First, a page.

The study reveals that BIM-enabled construction projects are largely involved with information that is digitally linked with federated 3D models and project participants. Investigation shows that learning in in these projects is continuous, networked and depends on participation in addition to knowledge accumulation and knowledge creation. ‘Participation’ and ‘Interpretation’ as a combination have significant impacts on this complex learning that takes place in work environments. ‘Participation’ at work shows how each individual wants to get involved, interpret and learn in each situation that they participate. On the other hand, the multidisciplinary nature of BIM-enabled construction projects confirms that project participants need to focus on interpretation to agree on a common meaning of artefacts and information. Therefore, ‘Interpretation’ is identified as a form of thinking that comprises planning, monitoring one’s activities and problem-solving. Interpretation, which is enabled via thinking and sharing experience, helps to shape the decisions and solutions during Participation. To help construction projects in achieving a suitable learning approach which is vital for a success of a project, a model for learning in the workplace has been developed through merging the learning aspects that have been identified from chosen BIM-enabled construction projects.

The novel model for workplace-based learning is a combination of participation and interpretation which is linked through three learning modes: Alignment, Insight and Engagement. The combination of these learning modes has contributed to interpret the ideas while participating at work. Consequently, it enabled project participants to align on a common meaning in an informative collaborative environment. The proposed model of learning in the workplace presents a systematic approach for achieving suitable learning in BIM-enabled projects by connecting the key learning aspects at the project level. Furthermore, this can be also used to employ skilled people and promote common standards on skills expectations associated with BIM-enabled projects.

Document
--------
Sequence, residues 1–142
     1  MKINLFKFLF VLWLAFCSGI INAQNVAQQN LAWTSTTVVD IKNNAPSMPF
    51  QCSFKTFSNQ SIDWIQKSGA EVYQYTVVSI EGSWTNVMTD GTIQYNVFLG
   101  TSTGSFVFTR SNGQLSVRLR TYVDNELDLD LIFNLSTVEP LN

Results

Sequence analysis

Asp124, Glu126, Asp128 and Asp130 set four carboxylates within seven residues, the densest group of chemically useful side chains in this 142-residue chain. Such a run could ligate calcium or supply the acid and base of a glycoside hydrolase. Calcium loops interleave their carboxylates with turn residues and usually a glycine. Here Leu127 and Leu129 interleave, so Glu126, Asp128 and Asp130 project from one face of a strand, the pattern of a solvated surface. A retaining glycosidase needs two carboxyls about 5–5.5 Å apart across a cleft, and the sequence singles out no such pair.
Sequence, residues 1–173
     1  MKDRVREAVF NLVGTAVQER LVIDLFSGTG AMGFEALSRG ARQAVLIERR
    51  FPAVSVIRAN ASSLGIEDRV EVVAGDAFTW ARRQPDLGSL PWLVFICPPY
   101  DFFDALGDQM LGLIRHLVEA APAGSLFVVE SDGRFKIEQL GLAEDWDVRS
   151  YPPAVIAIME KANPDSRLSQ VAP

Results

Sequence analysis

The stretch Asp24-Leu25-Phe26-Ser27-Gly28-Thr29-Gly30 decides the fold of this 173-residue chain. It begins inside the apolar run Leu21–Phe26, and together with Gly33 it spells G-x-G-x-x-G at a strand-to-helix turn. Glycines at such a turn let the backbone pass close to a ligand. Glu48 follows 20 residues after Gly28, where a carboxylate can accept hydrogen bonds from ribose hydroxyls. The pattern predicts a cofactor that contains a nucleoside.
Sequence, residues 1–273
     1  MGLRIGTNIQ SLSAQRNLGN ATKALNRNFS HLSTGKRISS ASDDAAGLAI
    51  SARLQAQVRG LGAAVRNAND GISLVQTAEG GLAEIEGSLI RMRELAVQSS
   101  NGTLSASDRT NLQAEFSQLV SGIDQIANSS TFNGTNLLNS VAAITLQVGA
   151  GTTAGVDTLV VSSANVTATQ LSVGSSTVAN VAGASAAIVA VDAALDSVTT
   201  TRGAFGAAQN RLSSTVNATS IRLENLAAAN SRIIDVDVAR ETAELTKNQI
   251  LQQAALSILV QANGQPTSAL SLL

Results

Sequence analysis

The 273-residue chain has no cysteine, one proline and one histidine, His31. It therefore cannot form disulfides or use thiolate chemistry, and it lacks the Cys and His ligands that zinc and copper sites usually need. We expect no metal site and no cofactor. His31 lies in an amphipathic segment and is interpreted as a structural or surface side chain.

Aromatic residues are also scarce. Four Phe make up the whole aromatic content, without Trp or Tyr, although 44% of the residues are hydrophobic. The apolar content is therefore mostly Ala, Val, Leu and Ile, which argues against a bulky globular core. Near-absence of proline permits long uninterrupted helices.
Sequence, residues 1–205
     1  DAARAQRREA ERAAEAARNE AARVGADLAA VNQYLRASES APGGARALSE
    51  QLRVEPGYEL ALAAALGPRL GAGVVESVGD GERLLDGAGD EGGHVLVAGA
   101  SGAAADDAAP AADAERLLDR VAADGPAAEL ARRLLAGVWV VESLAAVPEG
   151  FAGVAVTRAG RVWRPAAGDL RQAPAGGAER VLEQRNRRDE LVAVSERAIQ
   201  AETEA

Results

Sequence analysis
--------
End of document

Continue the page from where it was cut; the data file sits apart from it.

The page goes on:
Item Type: Thesis (Doctoral)
14 November 2022Submitted
30 January 2023Accepted
Uncontrolled Keywords: Workplace-Based Learning, Building Information Modelling (BIM), Connectivism
Subjects: CAH10 - engineering and technology > CAH10-01 - engineering > CAH10-01-01 - engineering (non-specific)
CAH13 - architecture, building and planning > CAH13-01 - architecture, building and planning > CAH13-01-02 - building
Divisions: Doctoral Research College > Doctoral Theses Collection
Faculty of Computing, Engineering and the Built Environment > School of Engineering and the Built Environment
Depositing User: Jaycie Carter
Date Deposited: 18 Apr 2023 12:12
Last Modified: 18 Apr 2023 12:12